MS. REBECCA SHEIR
I'm Rebecca Sheir. Welcome back to "Metro Connection." As the year draws to a close, we're bringing you our annual "Hall of Fame: show, a look back at some of our favorite stories from the past year. This next piece aired back in May on our Motherhood show. But it wasn't so much about motherhood as it was about a mother lode.
MR. TIM ROSE
Of course there's a lot from California. As we know, California has produced a lot of gold.
We're at the Smithsonian Museum of Natural History in front of the gold exhibit in the Hall of Geology, Gems and Minerals.
Where else do we see this gold coming from?
There's Colorado, Alaska, Australia of course produces some fabulous gold to this day.
And as museum geologist Tim Rose will tell you, back in the day, a place much closer to home produced some pretty fabulous gold too.
See that white quartz that's the matrix for the Montgomery County specimen.
Yep, that's right. Montgomery County, Md. from whence Rose originally hails.
Yeah, I grew up in the Gaithersburg area and as a kid, as a rock-hound, you know, we knew about the gold. So, yes, I've been having my eyes to the ground looking for it ever since.
See, Montgomery County is on the Piedmont Plateau. That's this belt of metamorphic rocks extending from New York to South Carolina. And the Piedmont has all these veins of quartz running through it.
And within some of them there are little pockets of gold and fool's gold, too.
But it was gold-gold that had people in Montgomery County all keyed up back in the 1800s when it was first reported in the area. And as word spread, Tim Rose says people started panning for gold.
They found it in streams in upper Montgomery County.
And then they started full-blown mining operations, you know, digging trenches and sinking shafts.
And everywhere you go in our area here, you look in stream beds, you look in farm fields, you'll find white quartz like that. And someday I'll be looking down, because I am still looking, and I'm going to see the glint and I'm going to pick it up, and I'll go, okay, I can stop looking now.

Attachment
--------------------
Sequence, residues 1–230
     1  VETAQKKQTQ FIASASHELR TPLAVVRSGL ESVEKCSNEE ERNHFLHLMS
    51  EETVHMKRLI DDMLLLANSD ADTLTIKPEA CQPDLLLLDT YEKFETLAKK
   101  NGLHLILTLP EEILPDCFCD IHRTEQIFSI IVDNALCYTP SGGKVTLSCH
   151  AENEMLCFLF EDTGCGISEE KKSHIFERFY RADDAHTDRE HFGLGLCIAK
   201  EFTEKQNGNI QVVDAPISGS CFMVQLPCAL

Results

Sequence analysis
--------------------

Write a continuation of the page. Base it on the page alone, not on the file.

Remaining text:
MR. JEFF NAGY
I actually know a guy that was walking along the trail and saw a piece of quartz and he stopped and picked it up and turned it over and there was a streak of gold through it. So you never know what you're going to turn up.
Amateur geologist Jeff Nagy is another Montgomery County native who spent a ton time with his eyes peeled to the ground.
When I was a kid I'd come home and my mother would be dumping the rocks out of my pockets and complaining about all the rocks that I'd be picking up.
Now, Nagy's a proud member of the Gem, Lapidary and Mineral Society of Montgomery County.
I'm also a member of the Baltimore Mineral Society.
And today we're continuing his lifelong gold hunt right near Great Falls as we wander the former site of the Maryland Mine. The gold mine used to be one of the state's largest, longest-lived and most productive.
Is it possible to even estimate or guesstimate the number of mines that once operated in this region?
There were probably 20 or 30.
Just Montgomery County or also like up near Baltimore and stuff?
Nowadays, the site has a lot of ruined buildings.
Water tank, the old water tank.
Overgrown dump piles.
We're walking on part of the dumps right here. You can feel the rocks underneath your feet.
There's trenches here.
There's a collapsed shaft.
...of abandoned prospect trenches and shafts.
This would have been a vertical shaft. It was probably 200 feet deep. Look at the big tree growing out of it. So you know that thing is completely caved in.
But from 1867 to 1940, Nagy says the Maryland Mine was a fairly thriving operation.
How big was this mine?
It covered 2,200 acres. Part of it's down here and the Park Service owns it. The rest of it's up in River Falls right over this way in those housing developments.
And that's the thing about so many of Montgomery County's gold mines. They've long been built over with roads or houses. One spot Jeff Nagy and I visited, not too far from the Maryland Mine, is now a tree-filled park with benches, tables, even a playground.
Just think, the little kids on the playground playing on top of an old mine area. Unless you knew it was here you would have no idea that anything had taken place here.
Nagy is currently updating the Maryland Geological Survey's book, "Minerals of the Washington, D.C. Area." He's eager to spread the word about the region's rich history of gold and other minerals too. Take Patapsco State Park, for instance.
West of Baltimore.
Between the 1830s and 1940s, Nagy says hundreds of mines in the area were pumping out a bunch of different minerals like quartz, flint, soapstone.
Feldspar, beryl, mica.
Garnet, chromium, copper.
A small amount of serpentine, the limestone, iron.
But back at the Smithsonian's Hall of Geology, Gem and Minerals Tim Rose's eyes are on a different prize, gold. But again, not just any gold.
Gold's found all around the world.
And it's also been found in Montgomery County, Md.
It has, it has, but not by me. Yet.
To learn more about gold mining in Montgomery County, Md. and to see examples of specimens found in the area, visit our website, metroconnection.org.
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